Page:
Thomas: Yeah, it wouldn’t be detectable as BGP if you actually got Hetzner to kind of suborn your connection. Right. It’s all within Hessner. They’re all, like, looking at trace route hops and things like that. It’s all pretty rudimentary. But obviously there’s strong evidence that something happened inside of Hetzner and something happened inside of Linode.

David: Right.

Thomas: But the funniest thing here is the most logical assumption here is government lawful intercept, and they let the certificates expired, and the post is like, this is slapdash. Their OpSec is bad. The reality is they don’t give a fuck.

David: Yeah.

Thomas: They got what they wanted.

David: Hilarious. Actually, what this goes to show is we need more cert errors, apparently.

Thomas: And louder, apparently. What this goes to shows is that what we need is DNSSEC.

Deirdre: Oh, God.

David: Because if there’s one thing that if you can’t detect it in CT, you definitely will somehow detect it when any DNS server in between you and them changes their like, there’s, like, a whole.

Thomas: CAA record thing going on right now. It’s like, if you had CAA configured, then let’s Encrypt wouldn’t have issued the certs. And it’s like, if it’s a government, I’m pretty sure that Let’s Encrypt was not the bottleneck here. Like any number of other, but like, whatever. And then there’s also, like DANE would have like you would have controlled all the issuance for your domain or whatever because and it’s a little interesting, right? Because the servers here are like XMPP and Jabber Ru, and I’m reasonably sure that Germany can’t get Ru servers to issue bogus records.

Deirdre: Yeah, I don’t know who is issuing Rus.

David: I thought Let’s Encrypt stopped issuing for Ru domains.

Deirdre: I wouldn’t be surprised.

David: Yeah, I don’t remember what their sanctions compliance was. I could be mistaken. Maybe they restarted. Maybe they never changed that they definitely stopped issuing for some domains, I thought, in Russia. Also, fun fact, if you’re a CA, you’re not supposed to issue to any domain on the sanctions list and you have to fetch that list every now and then so that you don’t accidentally issue a cert to the Taliban. A thing that definitely happened pretty early on by one CA that I’m not going to name, but you can infer.

Deirdre: Like in 2001 or 2015. Oh, boy.

David: Anyway, you don’t really get in trouble. You just get like, hey, don’t do that. And then you stop doing that, and then it’s fine.

Deirdre: What’s the thing is, it like it’s not export, it’s some other you’re on.

David: I was about to say ICR, but it’s not I can know ITAR.

Deirdre: There you go.

David: International traffic.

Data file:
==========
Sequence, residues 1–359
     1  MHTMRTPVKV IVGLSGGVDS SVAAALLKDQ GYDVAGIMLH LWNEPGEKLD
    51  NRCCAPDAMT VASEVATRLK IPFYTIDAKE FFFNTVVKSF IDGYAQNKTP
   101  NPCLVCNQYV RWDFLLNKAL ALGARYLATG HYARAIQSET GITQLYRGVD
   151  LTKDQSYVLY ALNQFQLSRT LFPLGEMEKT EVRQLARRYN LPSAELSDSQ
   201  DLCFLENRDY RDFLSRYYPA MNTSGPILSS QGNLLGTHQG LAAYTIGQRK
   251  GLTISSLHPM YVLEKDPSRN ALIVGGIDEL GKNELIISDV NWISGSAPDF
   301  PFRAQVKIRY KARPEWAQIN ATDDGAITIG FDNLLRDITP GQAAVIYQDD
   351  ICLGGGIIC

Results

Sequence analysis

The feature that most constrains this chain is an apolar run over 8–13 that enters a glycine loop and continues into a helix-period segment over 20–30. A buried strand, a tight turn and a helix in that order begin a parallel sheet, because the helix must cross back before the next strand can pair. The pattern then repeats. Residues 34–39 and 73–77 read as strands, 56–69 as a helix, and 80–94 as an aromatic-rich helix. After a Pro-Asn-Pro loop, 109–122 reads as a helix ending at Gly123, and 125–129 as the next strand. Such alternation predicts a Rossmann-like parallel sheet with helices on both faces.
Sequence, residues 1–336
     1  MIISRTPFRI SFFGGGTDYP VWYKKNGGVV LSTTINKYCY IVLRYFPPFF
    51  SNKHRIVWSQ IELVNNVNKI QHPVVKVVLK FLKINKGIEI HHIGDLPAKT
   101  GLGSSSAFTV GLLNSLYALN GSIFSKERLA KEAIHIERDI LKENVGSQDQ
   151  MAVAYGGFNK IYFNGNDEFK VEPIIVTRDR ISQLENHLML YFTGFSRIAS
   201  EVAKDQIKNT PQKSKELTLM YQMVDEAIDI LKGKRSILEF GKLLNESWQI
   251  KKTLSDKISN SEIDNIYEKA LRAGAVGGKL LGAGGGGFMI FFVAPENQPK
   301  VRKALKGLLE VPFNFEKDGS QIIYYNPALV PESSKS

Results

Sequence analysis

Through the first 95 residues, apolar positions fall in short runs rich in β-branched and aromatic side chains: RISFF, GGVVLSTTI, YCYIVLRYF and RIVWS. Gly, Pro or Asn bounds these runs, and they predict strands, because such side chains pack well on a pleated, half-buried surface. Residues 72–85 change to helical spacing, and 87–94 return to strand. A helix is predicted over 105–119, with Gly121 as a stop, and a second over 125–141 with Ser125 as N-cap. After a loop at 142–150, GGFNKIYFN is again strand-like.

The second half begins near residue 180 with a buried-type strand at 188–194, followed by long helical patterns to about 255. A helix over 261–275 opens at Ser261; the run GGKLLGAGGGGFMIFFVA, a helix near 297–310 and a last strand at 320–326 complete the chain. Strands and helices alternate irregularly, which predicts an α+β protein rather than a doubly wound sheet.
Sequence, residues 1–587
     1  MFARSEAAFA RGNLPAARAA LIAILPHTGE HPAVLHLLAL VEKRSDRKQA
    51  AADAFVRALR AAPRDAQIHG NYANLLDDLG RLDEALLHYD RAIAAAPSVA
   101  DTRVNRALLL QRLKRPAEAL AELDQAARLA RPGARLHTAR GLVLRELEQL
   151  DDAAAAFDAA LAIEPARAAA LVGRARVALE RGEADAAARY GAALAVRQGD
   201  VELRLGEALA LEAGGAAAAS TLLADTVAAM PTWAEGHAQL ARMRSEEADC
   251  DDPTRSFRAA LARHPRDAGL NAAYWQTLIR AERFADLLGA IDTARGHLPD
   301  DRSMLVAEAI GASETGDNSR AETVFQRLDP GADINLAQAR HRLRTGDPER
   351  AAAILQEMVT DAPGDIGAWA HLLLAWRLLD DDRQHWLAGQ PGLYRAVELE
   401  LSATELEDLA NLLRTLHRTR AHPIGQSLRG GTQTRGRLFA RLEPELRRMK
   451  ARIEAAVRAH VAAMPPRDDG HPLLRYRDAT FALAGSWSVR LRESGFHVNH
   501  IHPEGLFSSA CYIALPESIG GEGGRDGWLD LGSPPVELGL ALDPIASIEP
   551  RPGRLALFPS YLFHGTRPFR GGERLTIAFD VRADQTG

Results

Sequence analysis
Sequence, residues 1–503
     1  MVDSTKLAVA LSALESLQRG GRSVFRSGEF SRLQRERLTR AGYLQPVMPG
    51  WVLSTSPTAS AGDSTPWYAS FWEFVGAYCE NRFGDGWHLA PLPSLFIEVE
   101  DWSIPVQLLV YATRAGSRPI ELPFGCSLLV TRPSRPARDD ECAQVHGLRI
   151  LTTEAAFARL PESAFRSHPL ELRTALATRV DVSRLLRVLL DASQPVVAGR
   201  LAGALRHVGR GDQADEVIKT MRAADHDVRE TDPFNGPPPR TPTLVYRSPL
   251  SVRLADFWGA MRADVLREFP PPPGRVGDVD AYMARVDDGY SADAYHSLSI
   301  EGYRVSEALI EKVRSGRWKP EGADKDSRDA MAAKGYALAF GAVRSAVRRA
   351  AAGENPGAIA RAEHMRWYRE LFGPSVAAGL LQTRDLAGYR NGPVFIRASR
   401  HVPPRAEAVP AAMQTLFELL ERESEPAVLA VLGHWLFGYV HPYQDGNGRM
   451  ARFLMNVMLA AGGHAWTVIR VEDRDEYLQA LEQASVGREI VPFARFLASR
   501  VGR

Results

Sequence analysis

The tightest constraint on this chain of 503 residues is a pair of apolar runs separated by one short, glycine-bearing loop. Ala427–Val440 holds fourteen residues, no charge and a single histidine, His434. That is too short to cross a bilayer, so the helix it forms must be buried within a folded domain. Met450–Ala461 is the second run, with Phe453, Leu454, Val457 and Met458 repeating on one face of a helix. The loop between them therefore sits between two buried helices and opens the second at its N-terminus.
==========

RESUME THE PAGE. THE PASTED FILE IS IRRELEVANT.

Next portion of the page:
Thomas: And I don’t I know you guys wanted to hit this because it came out today and also because it ties into what you guys want to talk about next. But also, I don’t know that the high order bit of this whole story isn’t just, don’t use XMPP if your security devolves to certificate issuance, something’s gone terribly wrong. Am I wrong about that? Am I missing a complexity of this? Or is this just like, why are you idiots using these services?

David: I think a lot of security devolves to certificate issuance. Doesn’t your deployment eventually devolve to security issuance?

Thomas: If I’m wrong about these things, we have to cut this section out of when we edit the podcast, right?

David: Not answer it, too.

Thomas: My immediate thought is that if you’re using, say, Matrix or Signal for all of your secure communications, the certificates wouldn’t matter, correct? That’s all I’m saying.

David: Yes. So for messaging, there’s probably a lot of cases where and that’s all we’re.

Thomas: Talking about here, right?

David: That’s a property that you want fair the security of your end to end encryption isn’t actually just devolved to the security of your TLS connection.

Thomas: So just the idea that at the end of this story, it’s like these certificates were compromised, ergo, if you were talking on these servers, your messages were probably compromised. Seems wrong.

David: Well, I don’t know if Jabber markets itself as unencrypted. I assume it doesn’t, but this would be true of Facebook Messenger. This would be true of Slack, right?

Deirdre: Yeah, Slack.

David: Literally anything that says it isn’t end to end. This is just how the Internet works.

Deirdre: Yeah.

David: Maybe the better takeaway is, like, if you’re doing illicit things over messaging, you should pick a good end to end encrypted messenger.

Deirdre: Thomas is drinking.

Thomas: Moving right along.

Deirdre: Yes.

David: Okay.

Deirdre: Speaking of end to end.

David: Yeah. So because we do this every episode, let’s do it even more and let’s talk about threat models, cryptography, and then specifically on the web.

Deirdre: Cool.

Thomas: What an excellent segue. What’s motivating this?

David: Well, what’s motivating this is like so historically, the web crypto API, which I believe is on window.subtle, not window.crypto.

Deirdre: Correct. Well, I think it got moved. It was window subtle and then everything I can’t remember which way around I.